Friday, October 28, 2016

yoginis and punks

Two things happened the other day that made me think critically of my wardrobe and of yoga. The first, was hearing a man complain about woman wearing yoga pants. The second, was stumbling on the Hard Times article, Aging Punk Loses Battle With Comfortable Clothes. This piece of intense journalism, showcases what it is like to have a particular sense of style and be drawn in by the evils of practicality.

The truth is, I am a post punk girl who wears yoga pants.

There seems to be controversy around woman wearing yoga pants in public. Honestly, I think the controversy comes in when a woman's body is showcased in a way that "overly stimulates" others or "visually offends" the sensitive sensibilities of the masses. There are many of us that wear yoga pants that are ignored. Mainly, because it appears we are wearing "work pants" or "leggings". Of course, there are always going to be a group of nay-sayers. I don't really care, so this is sort of a non sequitur.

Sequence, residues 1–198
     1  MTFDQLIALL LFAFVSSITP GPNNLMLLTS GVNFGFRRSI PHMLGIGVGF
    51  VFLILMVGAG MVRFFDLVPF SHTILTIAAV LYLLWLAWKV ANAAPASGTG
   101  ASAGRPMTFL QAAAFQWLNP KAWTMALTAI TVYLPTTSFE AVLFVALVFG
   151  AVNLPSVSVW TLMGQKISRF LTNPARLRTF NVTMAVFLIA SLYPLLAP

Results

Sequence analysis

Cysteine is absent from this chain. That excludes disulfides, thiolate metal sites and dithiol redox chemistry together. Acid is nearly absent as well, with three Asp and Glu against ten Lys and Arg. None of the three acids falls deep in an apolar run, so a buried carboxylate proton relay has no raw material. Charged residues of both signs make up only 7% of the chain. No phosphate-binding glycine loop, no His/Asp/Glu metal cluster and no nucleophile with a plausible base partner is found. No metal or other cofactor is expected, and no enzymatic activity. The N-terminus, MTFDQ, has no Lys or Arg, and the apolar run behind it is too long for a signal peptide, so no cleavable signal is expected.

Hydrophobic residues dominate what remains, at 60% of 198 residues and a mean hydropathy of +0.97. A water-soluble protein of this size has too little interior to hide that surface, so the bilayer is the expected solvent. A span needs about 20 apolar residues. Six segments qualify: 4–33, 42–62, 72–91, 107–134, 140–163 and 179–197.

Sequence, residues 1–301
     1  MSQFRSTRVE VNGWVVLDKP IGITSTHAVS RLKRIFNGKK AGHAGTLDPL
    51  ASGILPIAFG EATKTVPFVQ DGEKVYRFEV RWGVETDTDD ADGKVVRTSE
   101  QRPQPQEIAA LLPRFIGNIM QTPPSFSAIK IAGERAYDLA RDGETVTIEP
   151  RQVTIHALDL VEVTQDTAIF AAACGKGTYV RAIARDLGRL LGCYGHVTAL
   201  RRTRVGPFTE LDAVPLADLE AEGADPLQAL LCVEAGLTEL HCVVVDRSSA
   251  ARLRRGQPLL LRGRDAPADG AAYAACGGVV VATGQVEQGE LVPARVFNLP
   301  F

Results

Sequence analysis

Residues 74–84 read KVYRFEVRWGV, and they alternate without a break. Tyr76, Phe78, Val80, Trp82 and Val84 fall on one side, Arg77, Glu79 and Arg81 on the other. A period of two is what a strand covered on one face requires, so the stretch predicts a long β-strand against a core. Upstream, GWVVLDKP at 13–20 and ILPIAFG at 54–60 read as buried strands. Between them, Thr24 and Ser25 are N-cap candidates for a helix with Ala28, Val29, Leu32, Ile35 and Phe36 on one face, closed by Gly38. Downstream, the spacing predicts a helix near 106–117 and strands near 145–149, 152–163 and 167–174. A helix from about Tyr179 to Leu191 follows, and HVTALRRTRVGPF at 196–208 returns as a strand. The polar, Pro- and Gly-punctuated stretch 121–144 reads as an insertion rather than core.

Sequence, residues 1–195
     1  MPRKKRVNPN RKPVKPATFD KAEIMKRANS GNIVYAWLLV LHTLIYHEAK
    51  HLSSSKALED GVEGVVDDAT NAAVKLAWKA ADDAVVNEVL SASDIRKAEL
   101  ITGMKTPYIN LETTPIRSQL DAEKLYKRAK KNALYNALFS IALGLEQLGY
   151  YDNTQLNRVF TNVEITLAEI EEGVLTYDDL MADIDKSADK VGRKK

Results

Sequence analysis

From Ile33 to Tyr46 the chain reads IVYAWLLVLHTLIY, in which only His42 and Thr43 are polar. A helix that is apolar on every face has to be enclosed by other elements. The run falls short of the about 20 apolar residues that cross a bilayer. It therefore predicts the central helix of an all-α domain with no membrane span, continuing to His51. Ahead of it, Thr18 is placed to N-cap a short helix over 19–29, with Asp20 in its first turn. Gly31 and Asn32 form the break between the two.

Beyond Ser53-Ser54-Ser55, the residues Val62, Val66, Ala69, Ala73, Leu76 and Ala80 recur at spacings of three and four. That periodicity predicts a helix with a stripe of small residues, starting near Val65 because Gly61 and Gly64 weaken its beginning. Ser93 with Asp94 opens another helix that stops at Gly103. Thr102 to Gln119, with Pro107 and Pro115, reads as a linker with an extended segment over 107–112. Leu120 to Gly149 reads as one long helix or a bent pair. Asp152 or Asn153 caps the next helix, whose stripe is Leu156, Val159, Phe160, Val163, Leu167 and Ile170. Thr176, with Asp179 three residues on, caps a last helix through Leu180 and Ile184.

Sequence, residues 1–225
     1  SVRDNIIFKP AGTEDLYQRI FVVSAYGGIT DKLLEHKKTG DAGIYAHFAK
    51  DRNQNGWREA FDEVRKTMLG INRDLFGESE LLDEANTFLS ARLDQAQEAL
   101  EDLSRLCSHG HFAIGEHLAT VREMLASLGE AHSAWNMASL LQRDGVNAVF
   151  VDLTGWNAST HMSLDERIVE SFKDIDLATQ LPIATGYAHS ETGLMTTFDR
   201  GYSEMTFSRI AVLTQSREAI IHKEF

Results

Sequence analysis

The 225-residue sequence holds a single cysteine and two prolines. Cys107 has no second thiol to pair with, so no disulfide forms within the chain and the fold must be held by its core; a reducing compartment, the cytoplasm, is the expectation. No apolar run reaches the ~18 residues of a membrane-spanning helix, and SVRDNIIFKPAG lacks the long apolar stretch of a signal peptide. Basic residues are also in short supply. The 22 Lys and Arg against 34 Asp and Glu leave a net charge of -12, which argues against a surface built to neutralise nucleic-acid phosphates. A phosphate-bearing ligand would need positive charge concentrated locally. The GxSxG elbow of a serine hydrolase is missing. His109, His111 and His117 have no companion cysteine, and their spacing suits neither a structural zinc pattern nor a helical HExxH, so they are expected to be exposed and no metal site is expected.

The comfort of yoga pants got me thinking about my relationship with yoga. I've been doing yoga for a long time. My grandmother practiced under a Guruji  I was thereby shown a very basic practice by my mother. By the age of eight, my movements and thought process had grown by watching Lilias, Yoga and You on Public Broadcasting.


Much later (in my early twenties) I was in Los Angeles and witnessed the rebirth of, "Pilates". Seeing this was surreal to me. During high school, people would look at me as if I had grown another head when I mentioned yoga. But, all over Los Angeles woman were buying these strange rubber mats and yes, yoga pants.

Today, yoga (and the pants) are everywhere. I find it strangely suffocating. There is an obsession tied with the practice and a limited knowledge of yogic history. I mean, what would Tirumalai Krishnamacharya say about the practices of today? 

Without Krishnamacharya, a large proportion of western yoga practice wouldn't exist. The yoga that we understand today, is usually a version (or offshoot) of Krishnamacharya's Hatha yoga -- which he managed to snatch from obscurity and popularize.

This doesn't devalue yoga. I think what it does is show the tenuous flight of our human whims. The Vedic traditions hold for thousands of years culminating in a man born in 1888 who would indirectly be responsible for my favorite form of leg covering.

The wrap up? I'll listen to post punk while doing sun salutations, for the same reason I go out in public in yoga pants...I'm fucking punk.

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